Pauls Valley is a city in and the county seat of Garvin County, Oklahoma, United States. The population was 6,187 at the 2010 census, a decline of 1.1 percent from 6,256 at the 2000 census. It was settled by and named for Smith Paul, a North Carolina native who married a Chickasaw woman and became a citizen of the Chickasaw Nation before the Civil War. The town economy is largely based on agriculture and oil production.
The area that eventually became the city of Pauls Valley was one of the earliest European-American settlements in what was then known as Indian Territory. Smith Paul, born in 1809 in New Bern, North Carolina, discovered the fertile bottom land which is now Pauls Valley while a member of a wagon train traveling to California. Paul described the land as "a section where the bottom land was rich and blue stem grass grew so high that a man on horseback was almost hidden in its foliage."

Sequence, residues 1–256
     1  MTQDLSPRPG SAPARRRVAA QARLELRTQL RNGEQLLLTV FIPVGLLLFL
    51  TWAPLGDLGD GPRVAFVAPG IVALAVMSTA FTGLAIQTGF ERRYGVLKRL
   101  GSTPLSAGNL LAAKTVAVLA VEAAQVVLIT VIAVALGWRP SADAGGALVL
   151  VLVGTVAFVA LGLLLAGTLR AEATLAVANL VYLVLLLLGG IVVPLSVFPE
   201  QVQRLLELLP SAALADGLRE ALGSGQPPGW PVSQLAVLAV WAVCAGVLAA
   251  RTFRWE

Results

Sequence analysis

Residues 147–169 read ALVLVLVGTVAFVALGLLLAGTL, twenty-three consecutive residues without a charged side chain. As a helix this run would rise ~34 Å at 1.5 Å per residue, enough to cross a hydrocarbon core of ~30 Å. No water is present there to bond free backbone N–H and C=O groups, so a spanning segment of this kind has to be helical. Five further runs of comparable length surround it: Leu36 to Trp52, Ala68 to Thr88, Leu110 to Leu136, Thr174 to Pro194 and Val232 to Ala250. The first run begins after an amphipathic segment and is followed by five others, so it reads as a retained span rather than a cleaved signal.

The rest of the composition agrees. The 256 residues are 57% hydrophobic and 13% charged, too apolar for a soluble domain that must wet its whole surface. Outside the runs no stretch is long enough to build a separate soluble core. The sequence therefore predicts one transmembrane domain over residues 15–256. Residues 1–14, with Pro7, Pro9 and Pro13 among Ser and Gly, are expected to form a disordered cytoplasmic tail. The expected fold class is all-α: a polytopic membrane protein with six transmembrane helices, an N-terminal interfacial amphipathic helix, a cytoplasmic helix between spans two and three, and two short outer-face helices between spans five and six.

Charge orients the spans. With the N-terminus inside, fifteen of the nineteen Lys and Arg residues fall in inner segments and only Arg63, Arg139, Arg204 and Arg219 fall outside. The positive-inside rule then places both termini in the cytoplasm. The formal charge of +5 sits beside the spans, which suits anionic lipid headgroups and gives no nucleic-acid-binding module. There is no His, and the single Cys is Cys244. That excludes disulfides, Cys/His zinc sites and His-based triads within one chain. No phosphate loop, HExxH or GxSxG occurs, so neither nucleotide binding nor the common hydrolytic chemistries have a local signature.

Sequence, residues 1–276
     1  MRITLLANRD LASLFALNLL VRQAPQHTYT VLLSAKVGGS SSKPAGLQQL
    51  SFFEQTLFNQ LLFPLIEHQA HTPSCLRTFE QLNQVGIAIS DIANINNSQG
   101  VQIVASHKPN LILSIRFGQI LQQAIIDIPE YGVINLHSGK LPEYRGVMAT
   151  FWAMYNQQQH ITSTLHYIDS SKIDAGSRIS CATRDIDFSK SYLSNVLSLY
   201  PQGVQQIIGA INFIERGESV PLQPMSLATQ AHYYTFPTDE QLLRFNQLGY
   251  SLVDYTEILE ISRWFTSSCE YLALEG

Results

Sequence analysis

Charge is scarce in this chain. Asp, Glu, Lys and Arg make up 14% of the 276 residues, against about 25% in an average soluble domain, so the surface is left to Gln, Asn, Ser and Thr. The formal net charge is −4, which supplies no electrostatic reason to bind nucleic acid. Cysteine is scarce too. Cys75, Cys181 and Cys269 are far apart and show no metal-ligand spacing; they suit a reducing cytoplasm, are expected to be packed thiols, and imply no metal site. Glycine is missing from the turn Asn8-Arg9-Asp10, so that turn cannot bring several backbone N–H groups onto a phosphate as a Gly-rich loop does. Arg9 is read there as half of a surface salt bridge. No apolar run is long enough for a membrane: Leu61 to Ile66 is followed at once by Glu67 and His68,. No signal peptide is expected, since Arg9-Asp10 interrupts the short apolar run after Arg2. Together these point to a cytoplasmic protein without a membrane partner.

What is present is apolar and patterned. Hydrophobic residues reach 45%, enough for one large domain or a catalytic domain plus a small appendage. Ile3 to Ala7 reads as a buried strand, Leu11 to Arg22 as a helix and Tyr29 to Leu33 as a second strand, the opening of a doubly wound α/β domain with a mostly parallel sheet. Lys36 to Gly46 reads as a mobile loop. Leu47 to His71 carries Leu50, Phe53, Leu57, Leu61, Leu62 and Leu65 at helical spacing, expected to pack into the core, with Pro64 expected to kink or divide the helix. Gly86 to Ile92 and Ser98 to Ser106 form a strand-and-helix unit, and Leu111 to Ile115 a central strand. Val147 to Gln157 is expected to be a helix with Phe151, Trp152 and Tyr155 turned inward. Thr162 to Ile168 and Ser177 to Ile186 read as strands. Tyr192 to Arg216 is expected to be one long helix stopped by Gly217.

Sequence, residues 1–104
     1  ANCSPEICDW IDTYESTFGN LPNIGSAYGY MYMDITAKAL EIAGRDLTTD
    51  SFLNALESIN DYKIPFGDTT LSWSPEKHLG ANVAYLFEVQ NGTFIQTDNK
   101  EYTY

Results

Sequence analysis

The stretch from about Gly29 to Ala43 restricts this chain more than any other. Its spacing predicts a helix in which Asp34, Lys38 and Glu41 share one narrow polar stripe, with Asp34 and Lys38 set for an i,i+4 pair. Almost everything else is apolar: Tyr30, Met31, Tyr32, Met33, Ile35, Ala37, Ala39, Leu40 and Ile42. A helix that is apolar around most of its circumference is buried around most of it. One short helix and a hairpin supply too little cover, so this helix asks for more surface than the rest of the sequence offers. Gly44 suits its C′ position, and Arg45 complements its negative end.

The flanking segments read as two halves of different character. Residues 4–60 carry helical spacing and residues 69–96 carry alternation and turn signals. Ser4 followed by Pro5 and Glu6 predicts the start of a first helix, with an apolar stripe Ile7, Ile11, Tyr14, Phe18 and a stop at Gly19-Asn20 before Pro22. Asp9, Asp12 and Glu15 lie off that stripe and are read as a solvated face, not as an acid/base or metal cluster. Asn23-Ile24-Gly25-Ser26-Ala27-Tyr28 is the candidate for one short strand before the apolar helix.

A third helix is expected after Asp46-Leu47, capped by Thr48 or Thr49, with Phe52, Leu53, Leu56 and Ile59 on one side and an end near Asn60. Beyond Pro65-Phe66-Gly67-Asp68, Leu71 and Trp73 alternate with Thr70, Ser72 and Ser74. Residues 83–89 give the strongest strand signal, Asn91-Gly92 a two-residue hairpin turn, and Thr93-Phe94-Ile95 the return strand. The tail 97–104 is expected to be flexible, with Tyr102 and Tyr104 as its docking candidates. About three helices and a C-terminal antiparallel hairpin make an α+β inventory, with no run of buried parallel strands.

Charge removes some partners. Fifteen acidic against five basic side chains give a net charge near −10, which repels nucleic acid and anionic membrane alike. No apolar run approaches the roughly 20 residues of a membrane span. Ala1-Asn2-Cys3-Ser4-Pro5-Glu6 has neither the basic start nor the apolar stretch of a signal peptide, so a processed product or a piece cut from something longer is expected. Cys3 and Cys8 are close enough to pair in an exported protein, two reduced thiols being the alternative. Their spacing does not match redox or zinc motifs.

The Tri-Party Treaty of January 1, 1837, ceded this part of what is now the State of Oklahoma to the Chickasaw Nation. When the Chickasaw people were relocated to Indian Territory that year, Smith Paul moved with them and married Ela-Teecha, a Chickasaw woman. In 1847, the Pauls established a plantation on the rich Garvin County bottom land, where Rush Creek joined the Washita River, which became known to locals as "Smith Paul's Valley". Mail to the Pauls was often addressed to "Smith Paul's Large Farm". By 1871, postal service was established in the area, although the post office was designated "Paul's Valley, Arkansas", because the Indian Territory was being administered out of Arkansas at that time.
The Atchison, Topeka and Santa Fe Railway (a.k.a.